This statement was originally published on rsf.org on 25 October 2018.
After Saudi journalist Jamal Khashoggi's death in the Saudi consulate in Istanbul, Reporters Without Borders (RSF) points out that at least 28 other journalists are currently in prison in Saudi Arabia, the victims of an opaque and arbitrary judicial system. RSF is publishing the portraits of the most prominent cases.
Jamal Khashoggi was murdered because he had become a critic of the Saudi regime, and the at least 28 Saudi journalists, columnists and bloggers who are in prison are there for the same reason, because their articles and their online posts annoyed the regime.
Some were jailed when King Salman or his predecessor, King Abdullah were in charge. They include the citizen-journalist Raif Badawi, who was sentenced to 10 years in prison and 1,000 lashes in 2012 for “insulting Islam.” Others are the victims of the crackdown launched in the autumn of 2017 by the new crown prince, his son Mohammad bin Salman (MBS).
They include three women who defended women's rights. All three were jailed without any charge being officially announced. Most of the journalists currently detained are awaiting trial.
When a sentence is finally announced, it can be terrible. The religious intellectual and blogger Salman al Awdah was sentenced to death in September. One journalist, the poet Fayez Ben Damakh, has completely disappeared. He has been missing since September 2017, when he was on the point of launching a TV news channel in Kuwait. The Kuwaiti media say he was extradited to Saudi Arabia and was imprisoned there.
RSF is publishing the portraits of some of the imprisoned journalists, columnists and bloggers, including the most prominent ones. RSF points out that the number currently in prison may be more than 28 because of the regime's opaqueness and the difficulty of verifying information.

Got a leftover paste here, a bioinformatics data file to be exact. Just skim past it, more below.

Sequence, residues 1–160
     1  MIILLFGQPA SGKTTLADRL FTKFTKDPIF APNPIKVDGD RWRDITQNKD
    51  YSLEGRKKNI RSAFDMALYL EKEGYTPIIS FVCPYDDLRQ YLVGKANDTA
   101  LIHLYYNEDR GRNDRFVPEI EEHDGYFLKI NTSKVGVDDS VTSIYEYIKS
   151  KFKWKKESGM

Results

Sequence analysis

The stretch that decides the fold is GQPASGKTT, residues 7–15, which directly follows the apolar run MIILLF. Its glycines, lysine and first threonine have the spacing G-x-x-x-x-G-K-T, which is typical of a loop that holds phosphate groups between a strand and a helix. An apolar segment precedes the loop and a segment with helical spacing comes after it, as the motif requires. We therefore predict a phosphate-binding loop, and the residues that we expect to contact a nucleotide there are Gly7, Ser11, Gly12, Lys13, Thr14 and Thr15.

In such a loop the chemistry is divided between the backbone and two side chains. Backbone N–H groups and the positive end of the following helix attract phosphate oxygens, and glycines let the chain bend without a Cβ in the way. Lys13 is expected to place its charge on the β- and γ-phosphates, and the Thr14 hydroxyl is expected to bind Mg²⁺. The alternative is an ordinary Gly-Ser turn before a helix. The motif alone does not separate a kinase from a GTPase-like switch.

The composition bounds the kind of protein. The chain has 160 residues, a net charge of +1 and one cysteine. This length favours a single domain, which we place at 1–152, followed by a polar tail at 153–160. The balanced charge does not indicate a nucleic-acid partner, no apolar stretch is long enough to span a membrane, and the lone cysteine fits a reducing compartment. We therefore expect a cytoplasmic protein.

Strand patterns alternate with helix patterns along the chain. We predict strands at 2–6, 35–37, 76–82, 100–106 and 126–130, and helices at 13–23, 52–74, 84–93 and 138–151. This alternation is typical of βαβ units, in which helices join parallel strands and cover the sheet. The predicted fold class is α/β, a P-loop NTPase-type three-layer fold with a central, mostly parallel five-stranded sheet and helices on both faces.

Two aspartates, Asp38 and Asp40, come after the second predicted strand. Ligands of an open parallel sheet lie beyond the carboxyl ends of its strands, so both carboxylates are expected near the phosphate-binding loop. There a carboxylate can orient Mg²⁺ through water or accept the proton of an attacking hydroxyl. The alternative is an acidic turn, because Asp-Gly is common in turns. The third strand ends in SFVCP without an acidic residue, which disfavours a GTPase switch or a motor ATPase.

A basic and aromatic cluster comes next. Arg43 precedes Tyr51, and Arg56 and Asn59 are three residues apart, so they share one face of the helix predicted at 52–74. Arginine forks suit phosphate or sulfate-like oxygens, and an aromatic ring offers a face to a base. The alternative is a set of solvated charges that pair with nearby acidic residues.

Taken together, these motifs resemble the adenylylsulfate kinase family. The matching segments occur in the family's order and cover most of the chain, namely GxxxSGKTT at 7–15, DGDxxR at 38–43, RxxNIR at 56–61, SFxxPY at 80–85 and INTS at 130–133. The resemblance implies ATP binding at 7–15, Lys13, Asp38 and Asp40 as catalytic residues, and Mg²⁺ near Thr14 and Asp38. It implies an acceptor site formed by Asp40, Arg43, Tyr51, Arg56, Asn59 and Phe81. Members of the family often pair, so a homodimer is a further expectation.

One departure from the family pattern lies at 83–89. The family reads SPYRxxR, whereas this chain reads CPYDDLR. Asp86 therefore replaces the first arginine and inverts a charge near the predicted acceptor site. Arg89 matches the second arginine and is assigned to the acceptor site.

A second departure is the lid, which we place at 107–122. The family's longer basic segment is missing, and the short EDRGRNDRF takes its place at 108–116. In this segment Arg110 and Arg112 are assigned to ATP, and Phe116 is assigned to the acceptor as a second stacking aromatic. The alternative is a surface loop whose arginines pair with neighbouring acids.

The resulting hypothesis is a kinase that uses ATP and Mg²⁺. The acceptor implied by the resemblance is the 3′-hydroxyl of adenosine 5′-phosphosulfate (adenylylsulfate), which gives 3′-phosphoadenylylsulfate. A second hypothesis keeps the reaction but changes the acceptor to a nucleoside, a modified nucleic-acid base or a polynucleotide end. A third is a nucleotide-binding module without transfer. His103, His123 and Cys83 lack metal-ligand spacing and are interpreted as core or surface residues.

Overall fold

JAILED BEFORE 2017
Raif Badawi, blogger, founder of the Saudi Liberal Network (an online forum)
Alaa Brinji, journalist for Al-Sharq, El Bilad and Okaz
Waleed Abu al Khair, founder of the Monitor of Human Rights in Saudi Arabia
Nazir al Majid, writer and journalist for various media including Al Hayat et Al Sharq
Fadhel al Manafes, a citizen-journalist and human rights defender
JAILED FROM 2017 ONWARDS
Saleh al Shehi, journalist with Al Watan
Eman al Nafjan, women's rights activist, founder of the Saudi Woman blog
Nouf Abdelaziz al Jerawi, journalist, blogger and activist
Nassema al Sadah (or Nassima al Sada), women's rights activist and columnist
Ali Al Omari, founder of the 4Shabab TV channel
Malek al Ahmad, editor of several media outlets, founder of Al Mohayed ("The Neutral One")
Mohammed Saud al Bishar, reporter and columnist, including for the Saudi newspaper Twasul
Jamil Farsi, businessman and columnist for several Saudi newspapers, including Okaz; much followed on Twitter
Essam Al Zamil, economist and citizen-journalist
Abdullah Al Malki, academic and citizen-journalist
Salman al Awdah (or Salman Ouda), reformist preacher and blogger with many followers